Meir Dagan attacks Binyamin Netanyahu for aggression towards Iran, and for failing to make any progress with the Palestinians
By Conal Urquhart in Jerusalem
The former head of Israelâ€™s spy service has launched an unprecedented attack on the countryâ€™s current government, describing it as â€œirresponsible and recklessâ€, and has praised Arab attempts to reach an Israeli-Palestinian peace agreement.
Meir Dagan stepped down as the head of Mossad six months ago but has gone on the offensive in a series of briefings with journalists and public appearances because he feels that Israelâ€™s security is being mismanaged by Binyamin Netanyahu, the prime minister, and Ehud Barak, the defence minister.
One newspaper quotes him as saying that he, as head of Mossad, Yuval Diskin, the head of Sin Bet – the internal security agency, and Gabi Ashkenazi, the head of the army, could prevent Netanyahu and Barak from making mistakes but all three have left their positions and have been replaced by men chosen by the current government.
â€œI decided to speak because when I was in office, Diskin, Ashkenazi and I could block any dangerous adventure. Now I am afraid that there is no one to stop Bibi [Netanyahu] and Barak,â€ said Dagan.
Upon leaving his post, Dagan publicly warned against Israel attacking Iran to stop it from acquiring nuclear weapons.
In his latest comments, he said that if Israel attacks Iran, it will find itself at the centre of a regional war that would endanger the stateâ€™s existence. Daganâ€™s intervention is dangerous for Netanyahu because it comes from the right wing of Israeli opinion rather than the left, where the prime minister would expect criticism.
Dagan has been in charge of aggressive Israeli actions abroad in recent years, that have included assassinations in Lebanon, Syria and Dubai and an air attack on a suspected nuclear reactor in Syria. He also criticised Israelâ€™s failure to offer any initiative to resolve the conflict with the Palestinians.
The absence of any workable plan, he said, will leave Israel in a dangerous and weak situation if the Palestinians push for UN recognition of a state later this year.
Dagan also endorsed Saudi Arabiaâ€™s peace plan which offered Israel normal relations with all Arab countries if it reaches a peace agreement with the Palestinians. Leading columnist Ari Shavit summarised Daganâ€™s point of view in the Haâ€™aretz newspaper: â€œDagan is extremely concerned about September 2011. He is not afraid that tens of thousands of demonstrators may overrun the settlements. He is afraid that Israelâ€™s subsequent isolation will push its leaders to the wall and cause them to take reckless action against Iran.â€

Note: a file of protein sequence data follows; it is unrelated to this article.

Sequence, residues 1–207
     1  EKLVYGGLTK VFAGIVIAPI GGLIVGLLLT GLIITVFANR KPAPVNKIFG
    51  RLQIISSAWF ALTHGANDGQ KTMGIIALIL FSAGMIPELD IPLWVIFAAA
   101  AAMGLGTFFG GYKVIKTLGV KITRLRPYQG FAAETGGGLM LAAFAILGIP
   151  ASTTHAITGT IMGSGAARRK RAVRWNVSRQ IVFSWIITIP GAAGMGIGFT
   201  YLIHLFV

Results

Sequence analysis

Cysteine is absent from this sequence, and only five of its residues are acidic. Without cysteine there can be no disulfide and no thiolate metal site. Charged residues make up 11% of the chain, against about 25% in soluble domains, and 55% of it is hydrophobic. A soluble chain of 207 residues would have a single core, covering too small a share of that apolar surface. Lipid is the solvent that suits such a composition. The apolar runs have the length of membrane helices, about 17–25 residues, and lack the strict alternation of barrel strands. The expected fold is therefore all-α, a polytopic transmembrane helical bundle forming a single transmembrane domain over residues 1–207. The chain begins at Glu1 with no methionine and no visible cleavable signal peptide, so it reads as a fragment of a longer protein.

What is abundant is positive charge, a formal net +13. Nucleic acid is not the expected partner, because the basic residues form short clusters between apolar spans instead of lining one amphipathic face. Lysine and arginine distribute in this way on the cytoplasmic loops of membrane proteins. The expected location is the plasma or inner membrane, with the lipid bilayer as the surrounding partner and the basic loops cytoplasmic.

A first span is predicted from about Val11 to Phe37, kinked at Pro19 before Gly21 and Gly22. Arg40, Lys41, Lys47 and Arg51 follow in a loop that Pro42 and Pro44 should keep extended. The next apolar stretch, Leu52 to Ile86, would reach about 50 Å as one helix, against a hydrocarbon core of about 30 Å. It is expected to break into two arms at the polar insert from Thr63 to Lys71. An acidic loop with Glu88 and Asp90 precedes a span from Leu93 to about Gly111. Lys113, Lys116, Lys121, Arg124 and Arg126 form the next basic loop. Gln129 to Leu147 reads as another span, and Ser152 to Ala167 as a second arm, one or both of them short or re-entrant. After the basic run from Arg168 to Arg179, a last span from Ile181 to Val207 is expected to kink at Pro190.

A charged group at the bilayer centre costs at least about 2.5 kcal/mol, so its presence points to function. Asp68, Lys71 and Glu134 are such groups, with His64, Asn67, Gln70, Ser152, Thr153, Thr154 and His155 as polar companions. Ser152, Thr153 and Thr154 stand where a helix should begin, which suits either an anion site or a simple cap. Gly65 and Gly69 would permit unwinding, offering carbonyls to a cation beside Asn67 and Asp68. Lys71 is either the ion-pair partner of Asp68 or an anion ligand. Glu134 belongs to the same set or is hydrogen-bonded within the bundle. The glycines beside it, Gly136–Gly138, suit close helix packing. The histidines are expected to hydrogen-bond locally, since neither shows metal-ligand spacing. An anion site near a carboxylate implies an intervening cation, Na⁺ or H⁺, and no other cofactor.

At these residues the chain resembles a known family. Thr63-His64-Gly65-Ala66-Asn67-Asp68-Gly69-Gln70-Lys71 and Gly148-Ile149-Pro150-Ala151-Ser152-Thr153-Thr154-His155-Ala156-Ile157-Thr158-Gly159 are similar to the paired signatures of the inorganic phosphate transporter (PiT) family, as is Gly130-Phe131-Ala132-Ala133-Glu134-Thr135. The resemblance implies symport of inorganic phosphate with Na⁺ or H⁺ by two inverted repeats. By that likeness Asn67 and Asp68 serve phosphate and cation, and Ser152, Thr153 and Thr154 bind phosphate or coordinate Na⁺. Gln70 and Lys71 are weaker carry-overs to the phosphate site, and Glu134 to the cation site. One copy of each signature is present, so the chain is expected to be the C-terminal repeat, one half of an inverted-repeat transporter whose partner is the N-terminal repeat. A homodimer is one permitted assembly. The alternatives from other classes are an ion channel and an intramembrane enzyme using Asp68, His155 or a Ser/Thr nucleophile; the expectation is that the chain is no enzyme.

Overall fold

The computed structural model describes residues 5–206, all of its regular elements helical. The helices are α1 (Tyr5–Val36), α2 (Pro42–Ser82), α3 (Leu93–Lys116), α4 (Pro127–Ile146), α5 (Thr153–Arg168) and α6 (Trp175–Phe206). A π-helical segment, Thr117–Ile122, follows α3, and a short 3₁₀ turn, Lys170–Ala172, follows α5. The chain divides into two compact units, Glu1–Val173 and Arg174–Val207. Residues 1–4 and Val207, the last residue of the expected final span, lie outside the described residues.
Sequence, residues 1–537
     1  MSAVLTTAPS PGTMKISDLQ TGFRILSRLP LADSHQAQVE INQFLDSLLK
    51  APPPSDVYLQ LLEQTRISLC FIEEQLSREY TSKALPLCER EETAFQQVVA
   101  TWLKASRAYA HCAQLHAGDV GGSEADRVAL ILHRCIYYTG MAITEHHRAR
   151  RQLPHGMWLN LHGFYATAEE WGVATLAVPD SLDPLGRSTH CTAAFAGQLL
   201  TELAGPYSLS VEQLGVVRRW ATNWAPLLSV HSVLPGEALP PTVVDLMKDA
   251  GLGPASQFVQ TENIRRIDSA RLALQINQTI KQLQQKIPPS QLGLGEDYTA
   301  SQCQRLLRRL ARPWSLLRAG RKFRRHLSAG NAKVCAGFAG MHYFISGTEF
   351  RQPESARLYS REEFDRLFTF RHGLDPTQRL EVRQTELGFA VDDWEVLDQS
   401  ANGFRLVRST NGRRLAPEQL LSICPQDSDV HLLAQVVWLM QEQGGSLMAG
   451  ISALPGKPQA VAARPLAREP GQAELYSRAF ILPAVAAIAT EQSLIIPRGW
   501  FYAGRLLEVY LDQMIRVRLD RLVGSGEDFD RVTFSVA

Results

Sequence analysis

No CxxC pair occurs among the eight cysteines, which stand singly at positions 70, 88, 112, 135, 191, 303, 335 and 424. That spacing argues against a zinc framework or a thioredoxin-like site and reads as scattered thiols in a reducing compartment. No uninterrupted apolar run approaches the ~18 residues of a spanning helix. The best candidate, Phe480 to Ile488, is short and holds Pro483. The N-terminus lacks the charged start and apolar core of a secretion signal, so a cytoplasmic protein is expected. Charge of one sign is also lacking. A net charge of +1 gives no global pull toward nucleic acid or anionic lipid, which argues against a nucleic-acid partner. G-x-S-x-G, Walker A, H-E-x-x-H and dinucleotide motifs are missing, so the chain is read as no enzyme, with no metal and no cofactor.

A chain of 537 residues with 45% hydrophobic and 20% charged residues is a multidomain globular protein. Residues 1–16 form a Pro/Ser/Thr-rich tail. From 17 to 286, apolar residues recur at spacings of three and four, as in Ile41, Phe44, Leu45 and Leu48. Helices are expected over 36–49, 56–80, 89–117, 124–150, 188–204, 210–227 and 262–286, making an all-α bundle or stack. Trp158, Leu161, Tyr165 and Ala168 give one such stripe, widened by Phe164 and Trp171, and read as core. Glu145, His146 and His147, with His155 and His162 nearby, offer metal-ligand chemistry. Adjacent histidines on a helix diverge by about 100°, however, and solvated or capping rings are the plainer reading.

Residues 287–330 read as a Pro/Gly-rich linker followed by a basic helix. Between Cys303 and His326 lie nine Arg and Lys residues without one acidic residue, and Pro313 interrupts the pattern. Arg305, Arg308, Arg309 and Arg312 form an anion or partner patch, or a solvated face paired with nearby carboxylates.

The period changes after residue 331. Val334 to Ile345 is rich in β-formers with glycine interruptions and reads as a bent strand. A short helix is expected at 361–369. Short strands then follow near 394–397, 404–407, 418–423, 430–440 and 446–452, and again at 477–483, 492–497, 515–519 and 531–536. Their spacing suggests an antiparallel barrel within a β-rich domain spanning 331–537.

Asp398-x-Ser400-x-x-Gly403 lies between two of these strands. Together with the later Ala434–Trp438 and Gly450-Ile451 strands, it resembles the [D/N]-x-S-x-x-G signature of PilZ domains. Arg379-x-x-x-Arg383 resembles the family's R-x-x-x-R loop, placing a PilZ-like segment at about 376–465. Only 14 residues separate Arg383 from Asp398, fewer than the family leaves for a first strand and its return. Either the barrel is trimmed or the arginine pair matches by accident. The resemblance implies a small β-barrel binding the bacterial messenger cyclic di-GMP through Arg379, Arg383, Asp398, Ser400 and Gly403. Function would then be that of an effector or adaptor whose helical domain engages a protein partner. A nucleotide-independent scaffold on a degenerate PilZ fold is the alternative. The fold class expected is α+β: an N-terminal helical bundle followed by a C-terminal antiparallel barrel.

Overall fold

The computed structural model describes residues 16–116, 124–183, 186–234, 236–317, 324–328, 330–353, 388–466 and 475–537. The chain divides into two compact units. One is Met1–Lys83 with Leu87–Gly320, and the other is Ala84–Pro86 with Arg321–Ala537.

Ben Caspit of the Maariv newspaper wrote: â€œHe is one of the most rightwing militant people ever born here … who ate Arabs for breakfast, lunch and dinner.
â€œWhen this man says that the leadership has no vision and is irresponsible, we should stop sleeping soundly at night.â€
Dagan was quoted in the newspaper Yedioth Ahronoth describing Netanyahu and Barak as â€œirresponsible and reckless individualsâ€.
Daganâ€™s criticism of Netanyahu comes when the prime minister is enjoying popular support following his trip to Washington and his speech to Congress.
Opinion polls suggest that Netanyahu has a nine-point lead over his nearest challenger and his Likud party is the most popular in the country.
However, Daganâ€™s intervention suggests that while Netanyahu is seen as an able performer in public, he believes that behind the scenes he is less astute.
A spokesman for the prime minister said that he would not discuss Daganâ€™s comments. However members of the cabinet told the Israeli media: â€œDagan was out of line on the Iranian issue. This damages deterrence, because the military option must be on the table as a credible option after sanctions.
â€œIf you come and say, â€˜we canâ€™t attack Iran, itâ€™s impossible,â€™ you project weakness to the Iranians and make it look like you donâ€™t have the courage to do it, and that they can do whatever they want.
â€œMore seriously, it sends a message to the world that they can take their foot off the gas pedal of sanctions.â€
The Guardian (UK)